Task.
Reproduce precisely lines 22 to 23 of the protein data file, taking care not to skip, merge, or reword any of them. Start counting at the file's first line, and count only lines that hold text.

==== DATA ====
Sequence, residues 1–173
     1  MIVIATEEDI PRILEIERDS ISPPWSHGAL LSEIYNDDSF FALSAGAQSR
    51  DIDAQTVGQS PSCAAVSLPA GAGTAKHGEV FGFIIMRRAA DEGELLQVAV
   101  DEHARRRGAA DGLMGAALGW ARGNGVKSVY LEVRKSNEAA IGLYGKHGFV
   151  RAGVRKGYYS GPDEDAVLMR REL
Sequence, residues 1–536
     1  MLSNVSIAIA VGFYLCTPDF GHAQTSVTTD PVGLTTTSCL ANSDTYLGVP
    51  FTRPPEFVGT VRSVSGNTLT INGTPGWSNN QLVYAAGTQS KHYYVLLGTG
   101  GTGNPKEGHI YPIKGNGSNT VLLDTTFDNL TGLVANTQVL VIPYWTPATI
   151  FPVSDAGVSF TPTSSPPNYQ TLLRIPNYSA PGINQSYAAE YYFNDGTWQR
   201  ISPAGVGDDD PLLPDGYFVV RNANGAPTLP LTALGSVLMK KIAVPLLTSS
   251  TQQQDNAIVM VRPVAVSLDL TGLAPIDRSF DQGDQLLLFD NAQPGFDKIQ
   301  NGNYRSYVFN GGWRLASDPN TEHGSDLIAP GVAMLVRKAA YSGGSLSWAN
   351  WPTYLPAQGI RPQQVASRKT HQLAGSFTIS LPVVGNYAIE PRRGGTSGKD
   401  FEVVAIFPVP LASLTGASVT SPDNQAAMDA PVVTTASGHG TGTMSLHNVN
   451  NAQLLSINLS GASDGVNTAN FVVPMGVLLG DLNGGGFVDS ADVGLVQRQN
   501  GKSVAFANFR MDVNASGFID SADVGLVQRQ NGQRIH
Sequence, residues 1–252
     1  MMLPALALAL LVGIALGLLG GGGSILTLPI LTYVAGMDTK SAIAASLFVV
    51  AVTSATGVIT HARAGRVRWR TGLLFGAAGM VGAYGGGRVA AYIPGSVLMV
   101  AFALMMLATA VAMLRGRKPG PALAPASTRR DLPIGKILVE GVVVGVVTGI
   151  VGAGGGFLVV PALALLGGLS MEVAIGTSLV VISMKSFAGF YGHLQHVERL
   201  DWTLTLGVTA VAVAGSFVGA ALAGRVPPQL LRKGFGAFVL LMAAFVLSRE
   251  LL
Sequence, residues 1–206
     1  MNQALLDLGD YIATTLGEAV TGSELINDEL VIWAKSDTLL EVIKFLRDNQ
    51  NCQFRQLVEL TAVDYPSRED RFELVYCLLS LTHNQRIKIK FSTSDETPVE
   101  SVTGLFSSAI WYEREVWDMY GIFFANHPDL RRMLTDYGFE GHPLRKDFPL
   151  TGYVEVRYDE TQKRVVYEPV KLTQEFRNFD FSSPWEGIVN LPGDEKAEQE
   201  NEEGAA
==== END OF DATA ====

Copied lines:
   151  VGAGGGFLVV PALALLGGLS MEVAIGTSLV VISMKSFAGF YGHLQHVERL
   201  DWTLTLGVTA VAVAGSFVGA ALAGRVPPQL LRKGFGAFVL LMAAFVLSRE